Adults with kids:
“Dinosaur Zoo” is an interactive puppet show about dinosaurs in the same way that a Hummer limousine is a car. It’s really fun, it’s bigger than normal and experiencing it once for about an hour is probably enough for anybody.
The hour spent at the Broadway Playhouse during “Dinosaur Zoo” is filled with fun and excitement for the children in attendance. But it should be clear: This show is for your children. I know. “Toy Story” is “for kids,” and you loved that. The difference is “Toy Story” has the benefit of, well, a story. This show is pure edutainment. It consists of a series of prehistoric biology facts wrapped in impressive visuals and silly humor. It’s the theatrical equivalent of giving your dog medicine wrapped in cheese, and cheese is the appropriate metaphor here, as the written jokes are pretty basic slapstick and gross-out humor.
The “dinosaurs” (which are puppets) are very realistic and expertly maneuvered by the cast. The extremely affable Aimee Louisanne guides the audience through this interactive experience at a very controlled pace. It sort of feels like an amusement park sea mammal show played back at half speed. The tempo of the show affords the host control over the entire room as well as the individual children who are invited on stage. A theater full of excited kids was never out of hand for the host and the audience was always engaged.
While the visuals are only fleetingly impressive for the adults, parent enjoyment can be found in the fact that kids really do say the darndest things, especially when confronted by gigantic ultra-realistic dinosaur puppets.
Nine out of ten of the kids brought on stage opening night returned to their seats with titanasaurus-sized grins on their faces, but you’d think after touring for so long there would be a slightly better handling of the youngster fear factor. Telling a terrified child that a giant monster only eats plants is probably not going to soothe them when you’ve already mentioned that the monster is just a puppet. It’s important to note that none of the children in seats were scared in the slightest. Only the volunteers who were too big for their OshKosh bagritches were traumatized for our amusement. And it was adorably amusing.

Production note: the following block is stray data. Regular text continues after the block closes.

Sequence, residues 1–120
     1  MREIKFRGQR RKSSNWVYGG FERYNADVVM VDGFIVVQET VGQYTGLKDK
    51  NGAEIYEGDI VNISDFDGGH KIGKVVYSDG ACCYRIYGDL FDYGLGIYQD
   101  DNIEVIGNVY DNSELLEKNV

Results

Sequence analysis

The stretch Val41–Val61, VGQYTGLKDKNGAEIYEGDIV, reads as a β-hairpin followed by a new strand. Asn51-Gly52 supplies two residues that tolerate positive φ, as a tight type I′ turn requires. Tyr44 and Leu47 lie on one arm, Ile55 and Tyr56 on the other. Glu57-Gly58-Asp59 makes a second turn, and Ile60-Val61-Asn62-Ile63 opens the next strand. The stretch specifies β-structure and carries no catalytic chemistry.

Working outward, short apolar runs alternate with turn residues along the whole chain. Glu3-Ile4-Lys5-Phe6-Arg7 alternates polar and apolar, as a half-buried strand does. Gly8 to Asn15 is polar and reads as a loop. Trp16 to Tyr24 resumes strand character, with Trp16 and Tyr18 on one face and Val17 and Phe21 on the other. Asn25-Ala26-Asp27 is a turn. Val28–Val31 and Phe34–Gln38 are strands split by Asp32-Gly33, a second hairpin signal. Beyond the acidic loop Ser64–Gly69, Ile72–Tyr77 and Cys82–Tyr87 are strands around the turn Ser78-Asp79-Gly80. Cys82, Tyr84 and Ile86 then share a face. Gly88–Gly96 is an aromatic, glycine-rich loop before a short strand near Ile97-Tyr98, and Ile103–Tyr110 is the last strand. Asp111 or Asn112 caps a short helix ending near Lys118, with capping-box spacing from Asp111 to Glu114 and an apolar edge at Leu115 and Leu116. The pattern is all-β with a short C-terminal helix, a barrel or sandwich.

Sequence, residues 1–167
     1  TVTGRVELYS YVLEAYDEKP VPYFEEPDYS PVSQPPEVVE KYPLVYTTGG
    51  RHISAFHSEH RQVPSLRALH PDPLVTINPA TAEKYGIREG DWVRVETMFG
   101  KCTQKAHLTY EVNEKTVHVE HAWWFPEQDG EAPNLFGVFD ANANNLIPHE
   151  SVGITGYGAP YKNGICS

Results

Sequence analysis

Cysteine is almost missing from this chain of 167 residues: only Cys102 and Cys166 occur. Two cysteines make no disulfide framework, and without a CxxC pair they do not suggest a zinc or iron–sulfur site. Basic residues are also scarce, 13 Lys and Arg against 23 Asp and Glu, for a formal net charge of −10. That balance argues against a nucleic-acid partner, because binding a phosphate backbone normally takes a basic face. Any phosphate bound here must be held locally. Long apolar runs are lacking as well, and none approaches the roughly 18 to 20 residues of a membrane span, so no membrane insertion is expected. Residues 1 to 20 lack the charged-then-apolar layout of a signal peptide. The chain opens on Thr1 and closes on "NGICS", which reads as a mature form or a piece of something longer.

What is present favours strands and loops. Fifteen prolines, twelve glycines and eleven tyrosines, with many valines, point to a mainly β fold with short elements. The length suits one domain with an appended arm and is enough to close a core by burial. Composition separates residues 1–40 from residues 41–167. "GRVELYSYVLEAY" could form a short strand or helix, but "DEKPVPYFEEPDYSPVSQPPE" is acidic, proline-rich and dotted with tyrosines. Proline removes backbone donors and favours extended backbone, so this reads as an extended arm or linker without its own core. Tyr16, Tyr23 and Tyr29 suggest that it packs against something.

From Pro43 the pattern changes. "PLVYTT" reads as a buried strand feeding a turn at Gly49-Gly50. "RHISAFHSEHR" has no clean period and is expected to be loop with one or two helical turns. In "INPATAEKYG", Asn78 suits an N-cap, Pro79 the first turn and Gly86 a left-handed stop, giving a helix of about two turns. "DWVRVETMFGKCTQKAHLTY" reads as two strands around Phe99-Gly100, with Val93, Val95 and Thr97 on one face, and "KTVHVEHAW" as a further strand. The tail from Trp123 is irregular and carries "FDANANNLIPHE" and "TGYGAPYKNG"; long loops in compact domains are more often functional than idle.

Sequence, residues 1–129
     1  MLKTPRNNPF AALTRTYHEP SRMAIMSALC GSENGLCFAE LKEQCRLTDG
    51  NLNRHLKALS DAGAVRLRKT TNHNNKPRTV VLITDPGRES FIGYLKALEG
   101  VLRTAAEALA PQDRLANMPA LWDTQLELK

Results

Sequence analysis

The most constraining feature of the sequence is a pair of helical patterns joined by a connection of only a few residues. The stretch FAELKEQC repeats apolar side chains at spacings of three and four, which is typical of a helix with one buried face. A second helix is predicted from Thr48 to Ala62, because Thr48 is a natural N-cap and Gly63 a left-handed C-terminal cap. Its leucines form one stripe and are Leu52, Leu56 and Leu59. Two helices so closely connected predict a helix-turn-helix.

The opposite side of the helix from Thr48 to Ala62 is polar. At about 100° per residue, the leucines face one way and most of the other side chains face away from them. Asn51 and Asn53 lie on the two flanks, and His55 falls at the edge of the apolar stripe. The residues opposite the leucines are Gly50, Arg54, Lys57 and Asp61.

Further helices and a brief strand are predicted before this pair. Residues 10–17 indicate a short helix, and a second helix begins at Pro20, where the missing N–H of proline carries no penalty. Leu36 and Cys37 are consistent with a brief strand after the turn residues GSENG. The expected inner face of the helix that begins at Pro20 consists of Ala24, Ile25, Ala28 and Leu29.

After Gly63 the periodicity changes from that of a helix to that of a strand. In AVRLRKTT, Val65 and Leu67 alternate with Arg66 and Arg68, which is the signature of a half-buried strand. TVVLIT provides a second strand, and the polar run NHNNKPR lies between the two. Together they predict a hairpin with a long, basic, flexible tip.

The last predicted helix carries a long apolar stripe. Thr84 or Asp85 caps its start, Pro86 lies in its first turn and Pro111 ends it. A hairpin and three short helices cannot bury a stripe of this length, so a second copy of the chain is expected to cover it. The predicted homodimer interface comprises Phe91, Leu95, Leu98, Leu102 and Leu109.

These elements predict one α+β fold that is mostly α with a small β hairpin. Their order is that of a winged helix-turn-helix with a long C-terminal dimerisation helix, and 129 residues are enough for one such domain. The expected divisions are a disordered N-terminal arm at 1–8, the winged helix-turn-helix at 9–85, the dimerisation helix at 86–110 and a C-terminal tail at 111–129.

Ultimately director Scott Wright has created a unique experience in “Dinosaur Zoo” that children will be truly awed by. Simultaneously it provides parents plenty of chances to “aww” at their kids. Though the art design team has done an amazing job, “Dinosaur Zoo” is not as visually impressive as its ticket price suggests. Almost all interaction happens with the kids in the front four rows. So, get close for the most immersive experience. Just remember: you’re renting a Hummer limo with this one. It might be worth it. But if you’re more of a reliable daily driver type, your dollar might go further with a trip to the Field Museum.
Adults without kids:
Skip this one and have a Hummer limousine party. Show “Toy Story” on the flat screens.
Dinosaurs! They’re huge! You can touch them! If your parents don’t take you then they are dumb! Dinosaurs! DINOSAURS! (Bill Stern)
Broadway in Chicago at Broadway Playhouse at Water Tower Place, 175 East Chestnut, (800)775-2000, broadwayinchicago.com. $50. Through March 30.
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